When You Wake

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Status: Finished  |  Genre: Young Adult  |  House: Booksie Classic

Following the death of a mutual friend, Hannah joins her high school pals for a therapeutic camping trip to the mountains. After waking from a strange, collective dream, the group finds themselves lost in a world that is familiar, but not their own.

The jeep pulled up to my parent’s house in the early hours of dawn.

“Is that them?” My mom asked.

I was in the process of stuffing the last of my clothes into my backpack and slipping into my hiking boots. She stood peering out the window in a fuzzy violet robe with a coffee in hand. I peeked around her.

“Yeah. I should be back tomorrow,” I said, forcing the zipper on my bag. Once it closed on the final yank, I slung it over my shoulder.

She nodded. “Okay. Don’t forget about your flight on wednesday.”

I hugged her. “I won’t. Don’t worry. My plants aren’t going to water themselves.”

I cracked a smile, but she didn’t seem to process the humor in my tone. Maybe it was too early for sarcasm. At least, that’s what I tell myself. She handed me a warm Thermos and kissed my head. “See you tomorrow, boo.”

I made for the door, throwing over my shoulder, “See ya.”

“And tell Madison I say hi!” She added.

I gave her a thumbs up. “Will do!”

“Oh. And tell them I’m sorry about Gabe.” That made me pause. My heart clenched and I had to push down the ball of emotion that rose in my throat.

Instead of responding, I waved goodbye then shut the door. I breathed in the chilly fall air. Freedom.

The Jeep flashed its lights and I waved. “Alright, I’m coming.”

------------------------------------------------------------------------------------------------------------------------------

“To Gabe!” We cheered drunkenly. Our glasses clashed and sloshed together before we all tipped our heads back in unison. The surrounding blackness of night felt comforting. Reassuring, even.

Jake coughed and Josh slapped him on the back. “Too much, babe?”

Jake finally cleared his throat and then glanced nervously in his cup. “What the fuck is that? Tastes like jet fuel.”

Martin and Madison high-five next to me. I laughed, handing them my solo cup for another serving. “That,” Martin started, the fire dancing across his playful expression, “is a little something we call Depression.”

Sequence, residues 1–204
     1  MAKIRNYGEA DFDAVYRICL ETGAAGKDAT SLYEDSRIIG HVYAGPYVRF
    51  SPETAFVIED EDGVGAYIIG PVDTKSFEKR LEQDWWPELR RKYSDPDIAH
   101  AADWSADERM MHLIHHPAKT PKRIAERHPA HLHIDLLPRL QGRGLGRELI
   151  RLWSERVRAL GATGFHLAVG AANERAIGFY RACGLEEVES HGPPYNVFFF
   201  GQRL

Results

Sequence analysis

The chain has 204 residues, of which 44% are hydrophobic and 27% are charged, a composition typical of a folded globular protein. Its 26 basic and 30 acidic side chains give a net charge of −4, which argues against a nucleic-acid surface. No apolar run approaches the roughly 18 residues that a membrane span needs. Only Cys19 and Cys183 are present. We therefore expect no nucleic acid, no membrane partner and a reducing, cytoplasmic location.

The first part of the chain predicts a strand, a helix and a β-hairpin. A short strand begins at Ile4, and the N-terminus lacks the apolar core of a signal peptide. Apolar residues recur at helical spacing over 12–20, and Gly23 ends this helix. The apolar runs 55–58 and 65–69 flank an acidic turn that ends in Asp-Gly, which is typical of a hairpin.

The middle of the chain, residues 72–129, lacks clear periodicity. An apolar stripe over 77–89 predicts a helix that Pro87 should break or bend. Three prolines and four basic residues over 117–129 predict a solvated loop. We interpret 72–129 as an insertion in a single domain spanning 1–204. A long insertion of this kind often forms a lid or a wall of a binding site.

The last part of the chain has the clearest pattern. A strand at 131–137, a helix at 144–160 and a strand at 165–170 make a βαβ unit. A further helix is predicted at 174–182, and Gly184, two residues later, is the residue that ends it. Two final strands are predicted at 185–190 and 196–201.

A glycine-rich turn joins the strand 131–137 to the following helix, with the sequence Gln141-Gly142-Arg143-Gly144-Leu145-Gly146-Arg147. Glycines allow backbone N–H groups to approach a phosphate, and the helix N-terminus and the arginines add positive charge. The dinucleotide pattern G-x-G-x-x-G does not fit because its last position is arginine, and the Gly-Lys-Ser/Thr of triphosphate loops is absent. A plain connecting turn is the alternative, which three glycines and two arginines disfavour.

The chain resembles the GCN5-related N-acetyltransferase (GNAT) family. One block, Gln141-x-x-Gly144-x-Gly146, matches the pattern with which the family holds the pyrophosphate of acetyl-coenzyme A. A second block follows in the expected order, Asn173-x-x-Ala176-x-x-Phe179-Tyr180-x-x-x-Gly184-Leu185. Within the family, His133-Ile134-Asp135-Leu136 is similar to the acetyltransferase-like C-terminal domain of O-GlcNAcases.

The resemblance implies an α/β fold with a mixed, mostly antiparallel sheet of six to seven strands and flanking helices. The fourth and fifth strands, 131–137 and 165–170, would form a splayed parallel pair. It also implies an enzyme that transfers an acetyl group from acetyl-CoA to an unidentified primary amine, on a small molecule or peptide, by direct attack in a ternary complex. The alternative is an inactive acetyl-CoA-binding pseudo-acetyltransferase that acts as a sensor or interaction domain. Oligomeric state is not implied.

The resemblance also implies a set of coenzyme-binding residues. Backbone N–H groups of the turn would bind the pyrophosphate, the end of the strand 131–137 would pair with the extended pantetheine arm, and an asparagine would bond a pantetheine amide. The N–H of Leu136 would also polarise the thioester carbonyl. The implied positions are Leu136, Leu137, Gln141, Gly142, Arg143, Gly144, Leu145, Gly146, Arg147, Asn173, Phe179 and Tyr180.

“Gabe invented it,” Madison clarified. “Seems like we’re getting closer to his recipe, so I call it a win.”

A heavy quiet settled over our group. Only the crackle of the campfire and our own memories filled the air. Alex suddenly stood and dug around in the cooler, withdrawing a beer.

“I miss him,” Alex said suddenly, returning staring into the fire.

“We all do,” Josh said, trying to sound comforting, but also a little condescending. It’s no secret to us they’ve grown apartm. Became totally different people. It has been 5 years since high school. We’ve all become different people.

Martin swooped in. “I can’t believe he actually did it. I’ve been so worried about him. I thought it was just another episode--”

I put a hand on his shoulder. “It’s not your fault.” He looked at me, his chocolate eyes dripping with pain and regret. “He loved you.”

“He loved all of us,” Madison added, laying her head on my shoulder.

“I just don’t know why he did it,” Josh whispered.

Another beat of silence, then a screech echoed out from the woods, down in the valley. Alex spun around, staring into the darkness. “What was that?”

Jake pulled a mason jar from his bag and began rolling a joint. “Probably a fox,” he said casually, lining some bud on the paper.

“You’re sure?” Alex asked incredulously.

“Yeah,” Martin responded. “They sound like a screaming woman. Spooky, right?”

“Very,” Jake responded, before licking the seal. He handed it to Josh, who lit it up first and started the embers. He took a huge inhale and passed it over to Madison. She ripped on it.

“By the way,” She said, still holding her breath. “I brought something.”

“Like what?” I asked. “Because I don’t think I can take anymore debauchery,” I said, taking the joint from her and inhaling. I passed it to Martin.

She exhaled the smoke and went to our outcropping of tents. She returned with a box in her hand. Josh practically choked when he saw it. “Dude, no fucking way.”

Madison held it up for all to see. A black and box adorned with swirling letters. A Ouija Board.

Martin chuckled. “Why’d you bring that?” He took a hit of the joint and passed it back to Jake.

She smiled sheepishly. “I found it in Gabe’s room,” she whispered. “His mom let me in to get a vinyl I let him borrow.  It was in his closet.” We all exchanged incredulous looks. “C’mon, Gabe would think this is funny. I took it to remember him.” Madison’s eyes twisted with sadness as she looked into the glossy cover.

“Those things are dangerous. You shouldn’t fuck around with stuff like that,” Alex said cautiously, failing to sound like the alpha male he thought he was.

I rolled my eyes. “Are you really scared? You just have to respect it and you’ll be fine. They’re not dangerous if you know how to use it.”

“Shut up, Hannah,” Alex shot back at me.

Jake and Josh laughed at Alex. “Whoa, take it easy, big guy. She’s just trying to make you feel better,” Josh defended me. He took a drag from the joint and held it for Jake as he took a hit.

“So we gonna open it up, or what?” Martin asked, ever the mediator.

By the light of the fire, Madison cracked open the box and dumped the contents on a blanket. Jake put out the joint on a rock and left the remainder on top of his mason jar. Josh helped Madison unfold the cheap board and lay it smooth.

“Okay, everyone. Fingers on the Planchette. Just barely touching. Try not to push or move.” Madison put her fingers on it first, then I joined her. Jake and Josh exchanged a look and leaned over the board. Martin added his, squeezing into the circle next to me. We looked up at Alex.